The use of wood in the prefabrication enabled the design and fabrication team to be scrupulously accurate, enhancing the precision of assembly and the resulting airtightness requirements. This level of accuracy is often difficult to achieve with either onsite construction or other materials, prefabricated or site-built.

In addition to energy efficiency, the clients were focused on material choices. Through use of wood and other ecologically responsible materials, significant environmental and architectural value was achieved for a modest premium compared to conventional construction. Products were chosen for their lifecycle environmental impact, with the project team opting for materials that were sustainable, natural, and de-constructible at the end of their lifecycles.

The main building component of the facility is wood or wood byproducts. Utilizing a wood first approach for the structure of the building avoided approximately 206 metric tonnes of carbon dioxide (CO2) emissions. (This was calculated using the web tool at This does not include any operational savings of carbon emissions.

Interior design for prefabrication projects requires preplanning and an understanding of the interior volume of the space. It is difficult to adjust window heights or reposition an opening once the panels have been manufactured so previsualization tools, including the 3D models, were used in the design of the project. A collaborative approach on the window package to determine the position, opening placement, and finishes was required in the design phase to ensure correct placement to achieve the views and maintain privacy and performance goals.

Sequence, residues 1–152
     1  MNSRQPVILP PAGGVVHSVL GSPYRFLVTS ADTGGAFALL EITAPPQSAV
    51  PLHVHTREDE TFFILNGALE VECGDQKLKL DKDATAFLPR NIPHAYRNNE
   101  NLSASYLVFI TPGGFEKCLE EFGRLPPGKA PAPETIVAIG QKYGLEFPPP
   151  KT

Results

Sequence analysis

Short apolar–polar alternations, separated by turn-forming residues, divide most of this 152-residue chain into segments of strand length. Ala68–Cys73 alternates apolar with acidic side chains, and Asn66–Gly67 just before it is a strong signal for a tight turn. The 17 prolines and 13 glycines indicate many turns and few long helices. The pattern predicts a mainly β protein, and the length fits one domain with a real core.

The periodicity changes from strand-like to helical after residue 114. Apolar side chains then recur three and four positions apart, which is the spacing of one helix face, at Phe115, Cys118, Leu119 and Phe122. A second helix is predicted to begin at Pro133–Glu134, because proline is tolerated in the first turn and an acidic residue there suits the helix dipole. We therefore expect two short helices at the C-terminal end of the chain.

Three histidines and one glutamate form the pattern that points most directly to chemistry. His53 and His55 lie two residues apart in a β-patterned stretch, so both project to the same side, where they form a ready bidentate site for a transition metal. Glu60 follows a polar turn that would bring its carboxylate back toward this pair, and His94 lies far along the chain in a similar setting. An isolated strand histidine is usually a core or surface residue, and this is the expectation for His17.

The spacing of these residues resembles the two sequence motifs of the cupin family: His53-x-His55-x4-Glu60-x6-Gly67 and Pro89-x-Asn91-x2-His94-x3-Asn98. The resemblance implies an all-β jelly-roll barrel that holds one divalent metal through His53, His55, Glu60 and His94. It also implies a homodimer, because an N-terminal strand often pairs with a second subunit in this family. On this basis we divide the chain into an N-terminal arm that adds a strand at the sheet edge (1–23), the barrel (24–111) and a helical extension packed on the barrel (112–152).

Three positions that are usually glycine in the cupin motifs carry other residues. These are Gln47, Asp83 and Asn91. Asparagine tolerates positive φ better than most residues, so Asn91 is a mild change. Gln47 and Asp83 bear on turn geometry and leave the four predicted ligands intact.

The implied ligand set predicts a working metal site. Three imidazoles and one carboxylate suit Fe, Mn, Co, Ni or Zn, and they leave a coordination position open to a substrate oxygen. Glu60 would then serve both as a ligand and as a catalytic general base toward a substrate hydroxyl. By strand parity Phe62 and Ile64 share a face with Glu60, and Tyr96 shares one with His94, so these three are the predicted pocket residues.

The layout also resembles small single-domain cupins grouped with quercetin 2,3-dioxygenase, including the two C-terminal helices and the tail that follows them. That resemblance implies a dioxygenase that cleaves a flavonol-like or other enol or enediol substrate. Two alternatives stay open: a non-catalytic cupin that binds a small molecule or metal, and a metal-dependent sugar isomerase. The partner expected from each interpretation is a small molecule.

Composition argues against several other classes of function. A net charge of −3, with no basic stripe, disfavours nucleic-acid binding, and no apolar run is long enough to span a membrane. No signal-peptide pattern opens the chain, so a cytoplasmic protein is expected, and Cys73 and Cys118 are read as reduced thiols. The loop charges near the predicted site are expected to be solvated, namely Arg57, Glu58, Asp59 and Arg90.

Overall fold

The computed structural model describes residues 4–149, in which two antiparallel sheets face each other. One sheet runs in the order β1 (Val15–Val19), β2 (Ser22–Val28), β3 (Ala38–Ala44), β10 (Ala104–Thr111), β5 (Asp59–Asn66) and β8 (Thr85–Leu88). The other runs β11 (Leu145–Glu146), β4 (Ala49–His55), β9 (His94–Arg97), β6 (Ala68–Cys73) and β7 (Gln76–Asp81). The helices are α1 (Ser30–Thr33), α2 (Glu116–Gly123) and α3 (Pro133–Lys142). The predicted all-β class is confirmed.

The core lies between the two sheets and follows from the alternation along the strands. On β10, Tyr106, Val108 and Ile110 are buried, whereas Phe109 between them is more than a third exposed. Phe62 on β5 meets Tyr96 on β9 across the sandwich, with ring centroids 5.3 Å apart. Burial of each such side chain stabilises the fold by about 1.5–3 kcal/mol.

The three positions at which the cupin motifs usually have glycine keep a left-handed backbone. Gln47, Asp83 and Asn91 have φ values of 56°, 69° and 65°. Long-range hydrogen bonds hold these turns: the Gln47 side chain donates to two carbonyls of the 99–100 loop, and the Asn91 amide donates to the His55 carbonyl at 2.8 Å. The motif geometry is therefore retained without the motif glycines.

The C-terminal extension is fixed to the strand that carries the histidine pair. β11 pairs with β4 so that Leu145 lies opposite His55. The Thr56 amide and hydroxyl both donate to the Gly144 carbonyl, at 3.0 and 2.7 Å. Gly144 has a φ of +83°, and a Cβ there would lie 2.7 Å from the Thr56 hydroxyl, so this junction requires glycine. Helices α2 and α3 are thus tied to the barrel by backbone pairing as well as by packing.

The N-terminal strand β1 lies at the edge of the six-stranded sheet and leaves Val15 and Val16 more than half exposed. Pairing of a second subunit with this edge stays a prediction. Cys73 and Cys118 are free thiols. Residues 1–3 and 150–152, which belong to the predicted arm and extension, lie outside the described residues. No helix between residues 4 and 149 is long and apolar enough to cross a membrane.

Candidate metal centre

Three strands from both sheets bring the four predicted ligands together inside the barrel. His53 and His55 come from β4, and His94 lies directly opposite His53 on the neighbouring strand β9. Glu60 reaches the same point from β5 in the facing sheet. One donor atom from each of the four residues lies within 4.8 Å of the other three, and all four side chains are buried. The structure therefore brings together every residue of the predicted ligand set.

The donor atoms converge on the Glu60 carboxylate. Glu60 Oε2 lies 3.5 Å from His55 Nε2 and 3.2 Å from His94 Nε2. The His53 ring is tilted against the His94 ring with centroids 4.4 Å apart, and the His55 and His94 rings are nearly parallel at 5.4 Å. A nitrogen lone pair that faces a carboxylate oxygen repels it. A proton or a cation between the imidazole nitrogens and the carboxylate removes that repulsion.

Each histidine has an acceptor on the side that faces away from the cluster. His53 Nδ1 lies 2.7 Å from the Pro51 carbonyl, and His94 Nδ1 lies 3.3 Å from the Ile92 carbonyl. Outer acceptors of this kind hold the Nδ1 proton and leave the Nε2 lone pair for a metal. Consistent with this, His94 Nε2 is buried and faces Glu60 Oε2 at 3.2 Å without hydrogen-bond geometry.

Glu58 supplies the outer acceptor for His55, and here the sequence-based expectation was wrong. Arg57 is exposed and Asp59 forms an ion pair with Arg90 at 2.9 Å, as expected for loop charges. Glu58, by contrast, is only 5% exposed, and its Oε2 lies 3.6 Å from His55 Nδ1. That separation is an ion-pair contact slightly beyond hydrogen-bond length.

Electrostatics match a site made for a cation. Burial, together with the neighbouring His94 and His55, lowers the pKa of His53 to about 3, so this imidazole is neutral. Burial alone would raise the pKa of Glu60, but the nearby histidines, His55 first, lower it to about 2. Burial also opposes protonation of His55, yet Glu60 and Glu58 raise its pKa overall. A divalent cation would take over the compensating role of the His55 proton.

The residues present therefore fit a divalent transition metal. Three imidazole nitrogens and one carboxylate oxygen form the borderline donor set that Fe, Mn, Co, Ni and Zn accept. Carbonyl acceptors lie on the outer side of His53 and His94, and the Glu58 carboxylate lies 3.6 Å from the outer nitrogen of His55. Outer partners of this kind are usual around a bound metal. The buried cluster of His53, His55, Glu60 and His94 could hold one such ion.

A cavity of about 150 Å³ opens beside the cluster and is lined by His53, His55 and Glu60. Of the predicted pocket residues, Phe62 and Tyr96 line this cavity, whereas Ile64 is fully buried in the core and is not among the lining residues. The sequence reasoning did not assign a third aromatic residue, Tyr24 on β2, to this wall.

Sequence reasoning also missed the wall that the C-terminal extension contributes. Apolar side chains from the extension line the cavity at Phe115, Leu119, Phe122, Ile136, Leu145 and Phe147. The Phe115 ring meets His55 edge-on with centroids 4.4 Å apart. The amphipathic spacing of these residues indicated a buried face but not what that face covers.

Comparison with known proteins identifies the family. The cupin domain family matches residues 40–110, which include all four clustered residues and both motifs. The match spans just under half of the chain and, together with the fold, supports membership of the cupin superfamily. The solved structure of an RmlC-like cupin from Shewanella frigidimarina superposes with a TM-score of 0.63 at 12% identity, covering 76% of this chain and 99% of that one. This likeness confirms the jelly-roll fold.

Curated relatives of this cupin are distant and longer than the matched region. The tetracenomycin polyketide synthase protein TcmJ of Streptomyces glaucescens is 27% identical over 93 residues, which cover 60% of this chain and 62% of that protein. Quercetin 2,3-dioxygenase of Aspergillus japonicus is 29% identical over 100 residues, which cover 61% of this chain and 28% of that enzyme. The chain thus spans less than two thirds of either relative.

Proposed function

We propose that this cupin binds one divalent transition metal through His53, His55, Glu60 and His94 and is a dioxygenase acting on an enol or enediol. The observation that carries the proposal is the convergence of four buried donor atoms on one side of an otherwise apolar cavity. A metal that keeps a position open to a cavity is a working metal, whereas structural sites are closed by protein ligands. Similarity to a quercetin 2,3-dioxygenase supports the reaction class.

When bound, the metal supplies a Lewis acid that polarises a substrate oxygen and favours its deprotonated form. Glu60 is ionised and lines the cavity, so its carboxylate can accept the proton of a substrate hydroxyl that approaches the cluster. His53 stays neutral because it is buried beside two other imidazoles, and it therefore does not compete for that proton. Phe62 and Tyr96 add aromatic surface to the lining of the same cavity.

Hiding mechanical corridors when roofs and floors did not have exposed floor joist cavities set up challenges that in the end created beautiful solutions. Dropped ceilings were constructed on the main floor to conceal the mini-split system. The exterior wall containing the fireplace was protruded out to accommodate a mechanical cavity, which in turn influenced the jugular angled marble block of the fireplace. The bulkheads in the family room were contained by a wood ceiling detail.

A staircase ‘tower’ was introduced early on in order to create a stack effect, allowing excess warm air to be expelled from this building. This plays an important role in maintaining a comfortable interior temperature. The feature was played up with a floating staircase and a decorative pendant installed into a complementing wood ceiling detail.

Passive buildings can be constructed with virtually any structural material. However, the use of wood fulfilled many of the owner’s and design team’s aspirations for high performance design—energy performance, comfort, quality of construction, accuracy, and low environmental footprint compared with alternative materials.